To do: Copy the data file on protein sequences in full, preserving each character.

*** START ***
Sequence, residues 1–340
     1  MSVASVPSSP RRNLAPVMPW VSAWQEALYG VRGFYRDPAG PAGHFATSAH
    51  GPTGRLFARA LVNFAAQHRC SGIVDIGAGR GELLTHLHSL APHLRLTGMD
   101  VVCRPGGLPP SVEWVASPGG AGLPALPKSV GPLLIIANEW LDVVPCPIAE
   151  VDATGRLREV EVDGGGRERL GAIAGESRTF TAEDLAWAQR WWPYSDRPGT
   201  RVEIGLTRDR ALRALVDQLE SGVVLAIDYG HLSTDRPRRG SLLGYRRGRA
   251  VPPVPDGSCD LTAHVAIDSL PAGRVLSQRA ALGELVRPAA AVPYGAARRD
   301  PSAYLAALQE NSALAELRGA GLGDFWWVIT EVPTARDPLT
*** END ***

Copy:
Sequence, residues 1–340
     1  MSVASVPSSP RRNLAPVMPW VSAWQEALYG VRGFYRDPAG PAGHFATSAH
    51  GPTGRLFARA LVNFAAQHRC SGIVDIGAGR GELLTHLHSL APHLRLTGMD
   101  VVCRPGGLPP SVEWVASPGG AGLPALPKSV GPLLIIANEW LDVVPCPIAE
   151  VDATGRLREV EVDGGGRERL GAIAGESRTF TAEDLAWAQR WWPYSDRPGT
   201  RVEIGLTRDR ALRALVDQLE SGVVLAIDYG HLSTDRPRRG SLLGYRRGRA
   251  VPPVPDGSCD LTAHVAIDSL PAGRVLSQRA ALGELVRPAA AVPYGAARRD
   301  PSAYLAALQE NSALAELRGA GLGDFWWVIT EVPTARDPLT